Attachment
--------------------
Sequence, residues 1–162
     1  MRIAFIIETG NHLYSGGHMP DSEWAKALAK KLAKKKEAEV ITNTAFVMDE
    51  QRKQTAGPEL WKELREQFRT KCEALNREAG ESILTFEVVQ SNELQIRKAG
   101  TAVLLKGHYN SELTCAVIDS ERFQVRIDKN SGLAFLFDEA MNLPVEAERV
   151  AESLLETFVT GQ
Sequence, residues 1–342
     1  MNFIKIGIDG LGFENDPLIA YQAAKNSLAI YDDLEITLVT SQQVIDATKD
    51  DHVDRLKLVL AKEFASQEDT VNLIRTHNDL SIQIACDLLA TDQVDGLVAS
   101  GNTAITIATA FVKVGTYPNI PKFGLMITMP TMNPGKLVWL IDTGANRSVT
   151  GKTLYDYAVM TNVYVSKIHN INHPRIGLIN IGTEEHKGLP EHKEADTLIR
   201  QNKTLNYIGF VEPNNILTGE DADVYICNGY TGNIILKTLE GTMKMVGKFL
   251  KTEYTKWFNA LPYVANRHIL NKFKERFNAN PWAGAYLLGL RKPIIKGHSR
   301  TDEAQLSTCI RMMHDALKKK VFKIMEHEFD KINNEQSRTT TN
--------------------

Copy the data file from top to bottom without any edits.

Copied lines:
Sequence, residues 1–162
     1  MRIAFIIETG NHLYSGGHMP DSEWAKALAK KLAKKKEAEV ITNTAFVMDE
    51  QRKQTAGPEL WKELREQFRT KCEALNREAG ESILTFEVVQ SNELQIRKAG
   101  TAVLLKGHYN SELTCAVIDS ERFQVRIDKN SGLAFLFDEA MNLPVEAERV
   151  AESLLETFVT GQ
Sequence, residues 1–342
     1  MNFIKIGIDG LGFENDPLIA YQAAKNSLAI YDDLEITLVT SQQVIDATKD
    51  DHVDRLKLVL AKEFASQEDT VNLIRTHNDL SIQIACDLLA TDQVDGLVAS
   101  GNTAITIATA FVKVGTYPNI PKFGLMITMP TMNPGKLVWL IDTGANRSVT
   151  GKTLYDYAVM TNVYVSKIHN INHPRIGLIN IGTEEHKGLP EHKEADTLIR
   201  QNKTLNYIGF VEPNNILTGE DADVYICNGY TGNIILKTLE GTMKMVGKFL
   251  KTEYTKWFNA LPYVANRHIL NKFKERFNAN PWAGAYLLGL RKPIIKGHSR
   301  TDEAQLSTCI RMMHDALKKK VFKIMEHEFD KINNEQSRTT TN